Last month I began my ambitious goal to read a book about every US president, starting with a book about my favorite president: Abraham Lincoln.
While reading about Lincoln’s life, I got some really great insight into the behind the scenes of wartime. Since my elementary years, I’ve always known the outcome of the Civil War, but I never really knew the struggle Lincoln experienced on the road to victory. One of the surprising challenges he faced during the first few years of the Civil War were generals who approached war and their enemy cautiously.
Why would a war general be cautious with the enemy? Confidence seems like the better method. However, Lincolns first few rounds of general seemed to have a cowardly approach to war. Off the battlefield, they were very vocal about their confidence to fight and win. But on the battlefield, they consistently ran in the opposite direction of the fight.
The most infamous general for the cowardly “avoid the fight” strategy during the civil war was General McClellan who was, to no one’s surprise, replaced by Lincoln with General Pope.
Pope, like McClellan was cocky. The difference was that Pope backed up his confident and smudge words with action. He fought the enemy. When Pope took over the Army of Virginia from McClellan, he attempted to arouse courage out of a cowardly bunch with this inspiring speech:
"I have come to you from the west where we have always seen the backs of our enemies; from an army whose business it has been to seek the adversary and to beat him when was found; whose policy has been attack and not defense…I have been called here to pursue the same system and to lead you against the enemy"
- Union General Pope
The truth is, the Army of Virginia kept experiencing defeat even with an aggressive new general. They were just too ingrained in their cautious and cowardly ways. But after I spent chapter upon chapter reading about cowardly generals, the sentiments Pope gave to “seek the adversary and beat him when found” jumped off pages. Something was stirred in me.
I let those words “we have always seen the backs of our enemies” roll around in my head for a few weeks, and a desire began to be wound up in me: I don’t want to run anymore.
Then I began to notice in my devotional reading’s day after day Scriptures like this:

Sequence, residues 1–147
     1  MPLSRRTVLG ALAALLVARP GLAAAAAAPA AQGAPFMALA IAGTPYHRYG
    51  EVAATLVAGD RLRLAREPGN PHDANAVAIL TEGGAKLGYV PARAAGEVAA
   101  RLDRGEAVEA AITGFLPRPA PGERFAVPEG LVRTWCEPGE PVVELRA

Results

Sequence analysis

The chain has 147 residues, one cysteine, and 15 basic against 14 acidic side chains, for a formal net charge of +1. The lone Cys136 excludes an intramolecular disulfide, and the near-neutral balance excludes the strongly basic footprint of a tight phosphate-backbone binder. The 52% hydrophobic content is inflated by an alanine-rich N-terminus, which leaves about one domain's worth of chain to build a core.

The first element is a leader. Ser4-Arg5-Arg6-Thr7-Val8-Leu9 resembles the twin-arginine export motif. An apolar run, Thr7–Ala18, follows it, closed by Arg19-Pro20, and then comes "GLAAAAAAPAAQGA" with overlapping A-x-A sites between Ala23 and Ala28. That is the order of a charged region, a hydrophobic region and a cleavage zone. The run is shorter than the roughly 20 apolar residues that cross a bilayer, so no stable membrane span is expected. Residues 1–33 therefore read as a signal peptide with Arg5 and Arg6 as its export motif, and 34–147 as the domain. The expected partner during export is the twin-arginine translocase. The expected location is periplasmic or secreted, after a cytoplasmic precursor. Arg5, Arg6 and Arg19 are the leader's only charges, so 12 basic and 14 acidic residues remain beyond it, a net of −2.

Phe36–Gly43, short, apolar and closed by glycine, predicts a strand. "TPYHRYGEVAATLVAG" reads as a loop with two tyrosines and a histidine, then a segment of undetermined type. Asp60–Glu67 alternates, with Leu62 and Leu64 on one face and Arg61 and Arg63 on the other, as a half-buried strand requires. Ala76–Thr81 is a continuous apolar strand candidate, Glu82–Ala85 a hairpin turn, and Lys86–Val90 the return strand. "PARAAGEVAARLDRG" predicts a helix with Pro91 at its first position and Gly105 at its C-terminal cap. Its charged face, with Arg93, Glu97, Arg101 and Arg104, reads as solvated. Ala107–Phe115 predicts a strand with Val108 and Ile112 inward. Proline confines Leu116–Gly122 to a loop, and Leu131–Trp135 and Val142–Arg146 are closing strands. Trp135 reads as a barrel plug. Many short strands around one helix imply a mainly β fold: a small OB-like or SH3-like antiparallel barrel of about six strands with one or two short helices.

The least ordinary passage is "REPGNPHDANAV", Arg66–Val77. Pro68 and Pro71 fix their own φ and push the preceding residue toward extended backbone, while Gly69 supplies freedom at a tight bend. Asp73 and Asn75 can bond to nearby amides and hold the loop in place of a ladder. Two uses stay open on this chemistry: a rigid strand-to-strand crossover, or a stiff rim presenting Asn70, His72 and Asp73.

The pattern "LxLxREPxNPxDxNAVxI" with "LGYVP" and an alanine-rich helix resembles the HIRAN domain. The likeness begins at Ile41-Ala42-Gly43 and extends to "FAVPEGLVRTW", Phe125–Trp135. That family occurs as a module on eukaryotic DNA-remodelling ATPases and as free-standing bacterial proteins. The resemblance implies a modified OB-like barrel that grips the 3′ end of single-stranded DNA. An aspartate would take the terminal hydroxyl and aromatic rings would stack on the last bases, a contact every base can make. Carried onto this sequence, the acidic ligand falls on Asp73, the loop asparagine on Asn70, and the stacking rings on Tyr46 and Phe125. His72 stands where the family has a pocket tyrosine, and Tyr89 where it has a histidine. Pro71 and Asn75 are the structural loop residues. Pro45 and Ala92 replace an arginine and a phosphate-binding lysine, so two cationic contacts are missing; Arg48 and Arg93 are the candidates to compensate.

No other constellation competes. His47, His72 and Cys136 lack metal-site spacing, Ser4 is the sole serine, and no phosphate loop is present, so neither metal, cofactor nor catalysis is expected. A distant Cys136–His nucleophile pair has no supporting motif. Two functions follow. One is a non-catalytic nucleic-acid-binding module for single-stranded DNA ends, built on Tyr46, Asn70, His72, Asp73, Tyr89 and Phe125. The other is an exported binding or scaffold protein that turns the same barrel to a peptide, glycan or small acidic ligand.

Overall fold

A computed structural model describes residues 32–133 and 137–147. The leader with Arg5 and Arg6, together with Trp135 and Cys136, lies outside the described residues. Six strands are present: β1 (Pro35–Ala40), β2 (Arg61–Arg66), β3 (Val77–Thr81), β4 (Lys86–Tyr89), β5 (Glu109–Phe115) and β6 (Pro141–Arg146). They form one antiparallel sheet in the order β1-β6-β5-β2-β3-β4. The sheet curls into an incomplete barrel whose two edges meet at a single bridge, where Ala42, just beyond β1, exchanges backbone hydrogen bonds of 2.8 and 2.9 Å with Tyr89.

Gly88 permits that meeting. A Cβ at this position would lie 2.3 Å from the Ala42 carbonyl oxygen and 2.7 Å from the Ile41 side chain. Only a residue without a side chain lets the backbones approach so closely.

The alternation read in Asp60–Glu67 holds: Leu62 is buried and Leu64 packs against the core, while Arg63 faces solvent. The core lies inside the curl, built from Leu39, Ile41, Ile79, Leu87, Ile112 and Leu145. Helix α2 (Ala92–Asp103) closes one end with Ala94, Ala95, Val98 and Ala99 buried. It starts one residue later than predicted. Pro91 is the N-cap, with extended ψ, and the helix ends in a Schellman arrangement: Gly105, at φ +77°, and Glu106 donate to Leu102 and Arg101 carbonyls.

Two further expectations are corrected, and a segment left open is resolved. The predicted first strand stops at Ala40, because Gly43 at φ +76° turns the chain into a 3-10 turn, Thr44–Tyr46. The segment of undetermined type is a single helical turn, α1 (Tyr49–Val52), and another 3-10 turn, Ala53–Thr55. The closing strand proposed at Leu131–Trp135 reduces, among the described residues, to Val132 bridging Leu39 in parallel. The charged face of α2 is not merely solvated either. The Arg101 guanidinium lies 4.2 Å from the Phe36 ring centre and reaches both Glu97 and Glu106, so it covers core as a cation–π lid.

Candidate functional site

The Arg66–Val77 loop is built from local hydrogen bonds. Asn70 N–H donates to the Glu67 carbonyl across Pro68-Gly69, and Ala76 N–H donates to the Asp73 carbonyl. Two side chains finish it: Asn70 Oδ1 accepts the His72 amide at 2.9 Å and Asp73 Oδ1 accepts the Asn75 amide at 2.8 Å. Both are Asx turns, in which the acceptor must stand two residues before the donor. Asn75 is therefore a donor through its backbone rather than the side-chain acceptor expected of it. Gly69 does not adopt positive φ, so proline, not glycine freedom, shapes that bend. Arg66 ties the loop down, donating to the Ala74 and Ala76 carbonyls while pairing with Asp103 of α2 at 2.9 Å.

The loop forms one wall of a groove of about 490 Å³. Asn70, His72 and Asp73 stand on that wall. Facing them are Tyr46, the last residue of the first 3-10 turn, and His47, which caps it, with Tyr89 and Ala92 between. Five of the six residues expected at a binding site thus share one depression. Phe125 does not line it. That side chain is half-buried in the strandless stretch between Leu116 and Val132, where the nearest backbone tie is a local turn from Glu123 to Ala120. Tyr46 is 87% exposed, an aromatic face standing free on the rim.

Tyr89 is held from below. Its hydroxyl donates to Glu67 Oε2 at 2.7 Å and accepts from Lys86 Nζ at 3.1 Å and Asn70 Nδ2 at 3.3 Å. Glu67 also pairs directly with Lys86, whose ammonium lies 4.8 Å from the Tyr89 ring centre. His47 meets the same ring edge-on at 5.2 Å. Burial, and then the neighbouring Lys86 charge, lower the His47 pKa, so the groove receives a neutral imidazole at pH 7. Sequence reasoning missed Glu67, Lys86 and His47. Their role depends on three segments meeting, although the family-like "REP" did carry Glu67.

Doesn’t it seem like the Lord is giving me my own Pope-like speech? These scriptures have been like water to the dry grounds of my heart. They are changing something within me.
I’ve ran from far too many battles. I’ve perfected the art of avoiding every enemy of my soul. I’ve worried myself away from the battles that would bring victory in my life. But God is leading me into the fight with words of promise and an invitation to trust .
He is developing a NEW desire in me. I don’t want to run. I want to pursue the victories and blessings in my life. I want a new view: my enemy’s back.
This newfound desire coupled with the words of Scripture are helping my heart pivot from a hesitant spirit towards a “lean in” attitude when it comes to the fight. And I am learning in the art of war that opposition isn’t a stopping point; it’s an opportunity for courage.
Caution will no longer be my approach to challenges. C O N F I D E N C E is my new strategy. And friends, confidence is a practice, not a personality trait. We can practice confidence even when we don’t feel it. It something that needs to grow and develop in us.
So, this is your and my friendly reminder not to hesitate to enter the fight. With God we can “advance against a troop”. We can even “scale a wall”. And with the confidence of Christ, we can embrace a new view: the enemy’s back.
Jen is a pastor, worship leader, writer, and songwriter living in Napa, California.